With a bizarre feeling of deja vu, I went back and reread my post on the GC2 forums (oddly enough, from August 24th 2006) in which I listed some constructive criticism which Stardock seemed interested enough in (Kryo replied nearly immediately)
Oddly enough, almost all of the shortcomings I felt were inherent in GC2 and I felt lingering in what I could see of Elemental (after all, we Beta testers did not get a taste of the "real game" until release), I can see now. I still have similar concrete suggestions now, for Elemental, and hope that these might be looked upon with an open mind.
First: The Map, Terrain, and Movement. In GC2, one main shortcoming was the uniform map, due mostly to its space theme setting -- there were no terrain variations which yielded strategic choices (e.g. chokepoints e.g. pathing decisions). I feel that Elemental is not much better. In most other games of this genre, attention to the map and its features is key, for many reasons; in Elemental, one need mostly look at the "glowing bits", and treat the rest as a relatively uniform, if cosmetically varied, surface. Why? Two factors. Factor one: Terrain features (grassland, forest, swamp, hills, etc.) do not appear to play a significant factor in modifying a unit's movement, nor do they play a significant factor in any other aspect of the game except for defensive bonuses (whose exact workings are unclear). Factor two: Most units in Elemental move at a uniform speed, and most apparently do not have flags for being affected by terrain. This is different in most other land-based strategy games, and for good reason: they give the player options in making interesting strategic choices. Because Elemental lacks these in this context, it becomes, in my opinion, that much more lackluster.
In games like Civilization or Dominions, it matters a lot which terrain tiles (e.g. jungle or swamp, grasslands or hills, etc.) are in your zone of control; in Elemental, it doesn't seem to matter at all. In fact, the only real use for zone of control that I can see is that it lets you own shards. Thus Elemental's map is very much like GC2's: a wide open, uniform field, whose sole characteristics were "resources" (shards). As I tried to describe in my post from August 2006, this detracts from the game's strategic elements and makes it less fun.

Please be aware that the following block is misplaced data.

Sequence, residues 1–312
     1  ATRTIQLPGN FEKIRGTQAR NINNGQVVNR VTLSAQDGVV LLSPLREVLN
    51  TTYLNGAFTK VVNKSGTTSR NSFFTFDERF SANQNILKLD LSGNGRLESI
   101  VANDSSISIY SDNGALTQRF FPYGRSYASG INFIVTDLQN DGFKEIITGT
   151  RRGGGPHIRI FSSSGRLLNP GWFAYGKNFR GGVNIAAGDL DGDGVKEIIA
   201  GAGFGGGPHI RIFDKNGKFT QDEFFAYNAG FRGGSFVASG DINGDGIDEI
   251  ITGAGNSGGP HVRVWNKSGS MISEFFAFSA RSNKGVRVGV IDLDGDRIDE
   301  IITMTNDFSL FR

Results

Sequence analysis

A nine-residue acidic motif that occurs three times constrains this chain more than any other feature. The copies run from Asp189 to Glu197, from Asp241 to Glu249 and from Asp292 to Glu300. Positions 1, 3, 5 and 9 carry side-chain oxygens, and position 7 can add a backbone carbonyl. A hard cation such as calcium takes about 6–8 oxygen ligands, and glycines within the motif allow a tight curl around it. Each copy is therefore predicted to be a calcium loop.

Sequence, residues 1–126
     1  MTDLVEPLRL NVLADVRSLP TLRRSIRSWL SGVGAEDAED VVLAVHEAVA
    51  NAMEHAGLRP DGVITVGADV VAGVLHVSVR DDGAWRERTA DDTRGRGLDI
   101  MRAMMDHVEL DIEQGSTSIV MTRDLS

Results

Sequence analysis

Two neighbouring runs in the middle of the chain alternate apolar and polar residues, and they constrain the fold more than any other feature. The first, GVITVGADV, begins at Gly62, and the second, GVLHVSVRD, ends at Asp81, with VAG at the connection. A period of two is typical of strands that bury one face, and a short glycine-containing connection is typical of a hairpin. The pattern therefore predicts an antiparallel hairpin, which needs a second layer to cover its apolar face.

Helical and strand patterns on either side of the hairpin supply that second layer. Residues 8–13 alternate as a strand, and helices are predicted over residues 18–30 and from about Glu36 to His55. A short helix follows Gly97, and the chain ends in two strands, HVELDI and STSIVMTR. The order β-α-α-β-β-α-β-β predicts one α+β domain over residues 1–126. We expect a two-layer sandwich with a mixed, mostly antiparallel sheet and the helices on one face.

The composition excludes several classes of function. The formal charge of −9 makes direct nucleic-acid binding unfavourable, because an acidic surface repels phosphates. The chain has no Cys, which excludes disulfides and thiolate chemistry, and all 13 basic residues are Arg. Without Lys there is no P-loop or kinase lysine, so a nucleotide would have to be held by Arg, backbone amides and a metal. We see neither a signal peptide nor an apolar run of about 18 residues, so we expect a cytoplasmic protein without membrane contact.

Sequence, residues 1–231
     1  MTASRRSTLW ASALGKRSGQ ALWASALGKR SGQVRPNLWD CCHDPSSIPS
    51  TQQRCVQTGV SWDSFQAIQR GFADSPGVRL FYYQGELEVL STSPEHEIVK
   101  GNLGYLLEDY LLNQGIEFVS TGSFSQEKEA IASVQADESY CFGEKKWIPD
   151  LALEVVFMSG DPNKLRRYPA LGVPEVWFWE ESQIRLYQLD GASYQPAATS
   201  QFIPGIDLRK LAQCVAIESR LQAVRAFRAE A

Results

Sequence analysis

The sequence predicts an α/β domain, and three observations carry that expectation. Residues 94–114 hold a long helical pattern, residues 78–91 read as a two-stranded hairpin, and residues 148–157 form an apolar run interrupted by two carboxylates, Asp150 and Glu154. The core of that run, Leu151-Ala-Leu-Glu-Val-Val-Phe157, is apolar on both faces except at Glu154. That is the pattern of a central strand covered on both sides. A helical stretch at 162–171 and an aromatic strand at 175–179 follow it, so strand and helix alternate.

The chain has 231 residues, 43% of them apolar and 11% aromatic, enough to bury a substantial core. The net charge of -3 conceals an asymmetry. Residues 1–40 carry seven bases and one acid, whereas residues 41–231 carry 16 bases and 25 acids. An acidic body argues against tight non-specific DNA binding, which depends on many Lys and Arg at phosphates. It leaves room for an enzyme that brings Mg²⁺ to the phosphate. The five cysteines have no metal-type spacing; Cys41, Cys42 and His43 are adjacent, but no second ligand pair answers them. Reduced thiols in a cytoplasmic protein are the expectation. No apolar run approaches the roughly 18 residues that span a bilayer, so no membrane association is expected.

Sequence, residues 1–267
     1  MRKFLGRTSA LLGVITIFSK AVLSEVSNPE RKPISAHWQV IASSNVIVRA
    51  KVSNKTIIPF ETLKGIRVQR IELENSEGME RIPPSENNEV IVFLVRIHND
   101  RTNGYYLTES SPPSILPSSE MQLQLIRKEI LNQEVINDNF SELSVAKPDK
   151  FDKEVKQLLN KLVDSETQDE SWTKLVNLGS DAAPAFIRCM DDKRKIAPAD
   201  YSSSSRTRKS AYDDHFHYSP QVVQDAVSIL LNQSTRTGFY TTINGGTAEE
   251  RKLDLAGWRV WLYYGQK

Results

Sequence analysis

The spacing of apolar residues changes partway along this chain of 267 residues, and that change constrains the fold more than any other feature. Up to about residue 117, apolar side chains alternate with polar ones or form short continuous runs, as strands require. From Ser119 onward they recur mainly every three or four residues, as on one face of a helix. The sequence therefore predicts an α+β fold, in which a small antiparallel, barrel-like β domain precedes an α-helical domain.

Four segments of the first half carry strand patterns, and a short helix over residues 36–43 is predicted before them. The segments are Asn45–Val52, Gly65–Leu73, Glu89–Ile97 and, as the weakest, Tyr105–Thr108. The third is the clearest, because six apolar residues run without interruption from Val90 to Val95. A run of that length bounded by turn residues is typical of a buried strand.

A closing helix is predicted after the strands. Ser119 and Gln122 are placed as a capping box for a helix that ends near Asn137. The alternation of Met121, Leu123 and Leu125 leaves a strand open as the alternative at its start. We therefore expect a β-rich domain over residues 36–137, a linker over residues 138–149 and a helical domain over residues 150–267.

(1) Make terrain (and not merely terrain enhancements, such as fertile land) matter to economy, city building, questing, neutral spawning, and the chance of yielding special events, e.g. hills will have a greater chance of harboring metals but will rarely yield food. This might require reworking the resources system (e.g. making resource requirements and units of measurement larger and more dispersed). By that I mean it might make it easier to count if "food" increments were increased by 10, so that for example a hut required 10 food, and so on; I would suggest making farms provide 20 food (or 2 food in the current system) and letting grassland tiles provide 0.25 food (or less in the old system), forest tiles provide 0.25 materials, hills provide 0.25 metal, and swamps provide a slight chance of something interesting to spawn. One could also imagine that with the correct technological advancements (e.g. in civilization or adventuring), one could glean additional boni, e.g. with hills, there might be a chance of finding "caves" if Adventure Level X is unlocked, etc., while plain grassland should yield an additional slight food bonus...
(2) Give movement bonuses (for certain units) on certain terrain types and penalties on others. This should apply predominately to the strategic map, but also to the tactical map. On the tactical map, terrain should also affect LOS for ranged attacks and fog of war. Age of Wonders did ok with this many years ago.
Second: Unit Creation: Much like the Firaxis "Civilization" series, the factions in Elemental hardly differ from one another. While this is a weakness in the Firaxis franchise (since that game has premade "units" to buy: there is no excuse to not having more uniqueness), it doesn't seem so bad in Elemental, because here the player doesn’t have any units to buy, since the player creates her units during play. True variety found in other types of strategy games (e.g. Warcraft III, Dominions, Sword of the Stars, Age of Wonders) come about by having real weaknesses and advantages in their recruitable units.
But unfortunately, there isn’t really much variety in Elemental. We can change defense, attack, and speed of our units, but most of my units tend to feel the same. In part, this might be due to a weakness in the combat system (see below). I want to have more fun designing units and having them play against my opponents; I want to have more fun choosing which units would be better in specific contexts -- and not which ones are simply better. If I do not need to think which unit I need to make (because it is clear: Unit A is simply better than Unit B, not different), then that is one strategic choice less.